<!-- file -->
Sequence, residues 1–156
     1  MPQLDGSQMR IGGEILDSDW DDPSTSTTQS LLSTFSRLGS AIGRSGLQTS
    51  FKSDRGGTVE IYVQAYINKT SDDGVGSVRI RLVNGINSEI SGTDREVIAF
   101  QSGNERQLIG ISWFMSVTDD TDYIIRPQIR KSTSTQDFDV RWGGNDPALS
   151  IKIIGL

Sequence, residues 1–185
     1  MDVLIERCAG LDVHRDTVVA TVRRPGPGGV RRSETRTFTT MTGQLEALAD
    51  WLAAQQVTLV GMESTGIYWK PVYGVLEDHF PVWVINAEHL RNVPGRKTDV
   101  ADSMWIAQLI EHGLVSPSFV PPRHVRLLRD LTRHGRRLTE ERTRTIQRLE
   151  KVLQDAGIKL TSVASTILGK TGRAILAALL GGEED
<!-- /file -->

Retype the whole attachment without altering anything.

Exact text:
Sequence, residues 1–156
     1  MPQLDGSQMR IGGEILDSDW DDPSTSTTQS LLSTFSRLGS AIGRSGLQTS
    51  FKSDRGGTVE IYVQAYINKT SDDGVGSVRI RLVNGINSEI SGTDREVIAF
   101  QSGNERQLIG ISWFMSVTDD TDYIIRPQIR KSTSTQDFDV RWGGNDPALS
   151  IKIIGL

Sequence, residues 1–185
     1  MDVLIERCAG LDVHRDTVVA TVRRPGPGGV RRSETRTFTT MTGQLEALAD
    51  WLAAQQVTLV GMESTGIYWK PVYGVLEDHF PVWVINAEHL RNVPGRKTDV
   101  ADSMWIAQLI EHGLVSPSFV PPRHVRLLRD LTRHGRRLTE ERTRTIQRLE
   151  KVLQDAGIKL TSVASTILGK TGRAILAALL GGEED